With battery technology becoming cheaper and more capable year on year, the cost gap between combustion and electric-powered cars is set to close sooner than you may expect.
Electric cars will be cheaper to manufacture than their petrol and diesel-powered equivalents by 2027, new research predicts.
The forecasting conducted by BloombergNEF pointed to the decreasing cost of producing batteries, which is expected to hit an average of $100/kWh in 2023 after dropping from $668/kWh in 2013.
Other factors included manufacturers creating dedicated production lines to help drive down costs and make EVs more affordable, as was reported by The Guardian.
The report said large EVs including SUVs and sedans will be the first to undercut petrol and diesel cars in 2026, with smaller cars expected to follow in the proceeding year.
While options for EVs are more limited in Australia, BloombergNEF said the current average price for a medium-sized EV is €33,300 (AUD$52,107) a figure that is expected to almost halve to €16,300 (AUD$25,511) by 2030.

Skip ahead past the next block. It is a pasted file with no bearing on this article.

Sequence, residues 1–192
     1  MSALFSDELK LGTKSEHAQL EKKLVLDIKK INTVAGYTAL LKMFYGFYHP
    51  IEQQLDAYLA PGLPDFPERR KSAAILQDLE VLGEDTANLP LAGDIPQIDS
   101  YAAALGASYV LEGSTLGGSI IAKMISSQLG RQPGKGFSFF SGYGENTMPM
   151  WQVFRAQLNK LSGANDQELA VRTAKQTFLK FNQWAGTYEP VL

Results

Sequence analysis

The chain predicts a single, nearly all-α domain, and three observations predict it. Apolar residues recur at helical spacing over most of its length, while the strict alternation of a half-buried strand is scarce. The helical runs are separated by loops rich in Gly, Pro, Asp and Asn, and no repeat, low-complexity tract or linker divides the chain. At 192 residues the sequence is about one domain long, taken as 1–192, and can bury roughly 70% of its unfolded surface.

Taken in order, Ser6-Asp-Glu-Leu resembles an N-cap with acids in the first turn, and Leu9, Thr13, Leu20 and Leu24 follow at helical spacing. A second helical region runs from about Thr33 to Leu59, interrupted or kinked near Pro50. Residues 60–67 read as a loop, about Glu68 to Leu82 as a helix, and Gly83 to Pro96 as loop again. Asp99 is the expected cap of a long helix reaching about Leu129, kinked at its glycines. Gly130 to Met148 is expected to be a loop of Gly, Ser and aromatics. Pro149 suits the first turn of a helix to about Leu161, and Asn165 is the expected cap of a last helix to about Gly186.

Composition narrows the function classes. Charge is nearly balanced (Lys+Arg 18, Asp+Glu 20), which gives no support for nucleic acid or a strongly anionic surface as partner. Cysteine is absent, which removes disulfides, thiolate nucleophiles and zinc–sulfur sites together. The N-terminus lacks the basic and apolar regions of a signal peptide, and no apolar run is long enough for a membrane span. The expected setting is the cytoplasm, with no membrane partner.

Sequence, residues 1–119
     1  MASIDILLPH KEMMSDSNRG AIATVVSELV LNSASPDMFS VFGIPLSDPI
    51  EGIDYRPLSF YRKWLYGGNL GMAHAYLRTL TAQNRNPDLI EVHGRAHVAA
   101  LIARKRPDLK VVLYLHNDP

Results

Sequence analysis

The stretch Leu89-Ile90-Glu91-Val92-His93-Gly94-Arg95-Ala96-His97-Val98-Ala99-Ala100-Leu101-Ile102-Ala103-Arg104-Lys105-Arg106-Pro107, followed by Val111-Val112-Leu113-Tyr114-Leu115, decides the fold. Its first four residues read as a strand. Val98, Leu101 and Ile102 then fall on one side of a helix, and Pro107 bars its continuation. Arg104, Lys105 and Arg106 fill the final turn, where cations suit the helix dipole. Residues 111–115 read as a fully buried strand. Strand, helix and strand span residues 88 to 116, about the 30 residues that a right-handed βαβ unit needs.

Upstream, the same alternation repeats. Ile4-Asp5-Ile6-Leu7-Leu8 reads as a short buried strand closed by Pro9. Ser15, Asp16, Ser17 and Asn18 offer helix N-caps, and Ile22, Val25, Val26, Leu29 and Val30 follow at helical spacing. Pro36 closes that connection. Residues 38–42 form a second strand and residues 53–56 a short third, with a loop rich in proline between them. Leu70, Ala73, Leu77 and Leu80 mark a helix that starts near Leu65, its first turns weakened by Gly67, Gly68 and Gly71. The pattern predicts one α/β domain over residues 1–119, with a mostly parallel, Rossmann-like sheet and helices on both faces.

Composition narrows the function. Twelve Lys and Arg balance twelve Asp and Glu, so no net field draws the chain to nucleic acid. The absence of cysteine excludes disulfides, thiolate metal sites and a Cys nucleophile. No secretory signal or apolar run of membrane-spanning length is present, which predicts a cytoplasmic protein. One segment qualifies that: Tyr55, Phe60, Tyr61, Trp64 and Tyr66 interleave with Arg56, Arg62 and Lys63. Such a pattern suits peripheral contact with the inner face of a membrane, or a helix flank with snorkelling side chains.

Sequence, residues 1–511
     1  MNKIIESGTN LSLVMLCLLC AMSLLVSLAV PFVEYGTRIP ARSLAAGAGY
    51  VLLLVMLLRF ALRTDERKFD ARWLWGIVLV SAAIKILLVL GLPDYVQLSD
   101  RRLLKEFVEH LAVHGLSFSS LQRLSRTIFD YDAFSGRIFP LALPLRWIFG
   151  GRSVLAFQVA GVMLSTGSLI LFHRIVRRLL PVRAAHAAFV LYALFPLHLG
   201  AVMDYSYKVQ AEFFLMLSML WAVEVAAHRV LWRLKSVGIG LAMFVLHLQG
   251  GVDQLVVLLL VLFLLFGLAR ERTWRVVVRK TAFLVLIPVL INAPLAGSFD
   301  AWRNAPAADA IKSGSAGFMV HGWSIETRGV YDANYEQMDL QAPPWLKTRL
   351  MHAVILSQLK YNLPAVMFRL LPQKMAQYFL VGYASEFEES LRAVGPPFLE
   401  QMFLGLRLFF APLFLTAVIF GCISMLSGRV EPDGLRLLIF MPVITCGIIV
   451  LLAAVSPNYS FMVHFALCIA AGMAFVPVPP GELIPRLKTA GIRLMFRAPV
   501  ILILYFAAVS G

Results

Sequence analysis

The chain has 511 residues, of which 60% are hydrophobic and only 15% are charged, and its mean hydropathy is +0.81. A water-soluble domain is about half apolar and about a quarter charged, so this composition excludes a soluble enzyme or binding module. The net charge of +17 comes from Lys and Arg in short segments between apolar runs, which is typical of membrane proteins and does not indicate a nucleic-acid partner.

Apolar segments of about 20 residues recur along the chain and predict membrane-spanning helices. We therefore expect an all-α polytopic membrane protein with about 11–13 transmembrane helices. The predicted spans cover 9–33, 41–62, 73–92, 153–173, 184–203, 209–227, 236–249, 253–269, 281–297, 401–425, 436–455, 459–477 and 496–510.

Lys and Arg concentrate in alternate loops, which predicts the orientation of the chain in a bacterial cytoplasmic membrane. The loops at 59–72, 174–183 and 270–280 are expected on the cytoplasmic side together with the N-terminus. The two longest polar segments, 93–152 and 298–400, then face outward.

An equivalent petrol car is currently significantly cheaper at €18,600 ($29,105) but the forecast actually predicts the technology will increase to €19,900 (AUD$31,140) within the same period.
While the figures may seem ambitious to some, investment bank UBS has previously estimated that electric and combustion cars will reach price parity as soon as 2024.
In Australia, the most direct example we have to compare is the Hyundai Kona Elite which starts at $31,600 (before on-road costs) for the petrol model or $62,000 (before on-road costs) for the Electric variant.
As part of the shift towards electrification Car manufacturers such as Hyundai, Volkswagen and more recently Toyota and Subaru have constructed dedicated electric vehicle platforms to better utilize the strengths of the technology instead of shoe-horning electric motors and a battery into combustion cars as has often been the case.
Guido Schenken, the PR, sponsorship & events senior manager at Hyundai Australia told Chasing Cars its own EV-dedicated E-GMP platform would make the technology cheaper for customers.
“The E-GMP dedicated platform will enable significant cost savings by creating economies of scale and reducing the development and manufacturing costs,” he said.
“In doing so, the customer will benefit from low TCO (total cost of ownership). This will be competitive with a comparable ICE-based vehicle.”
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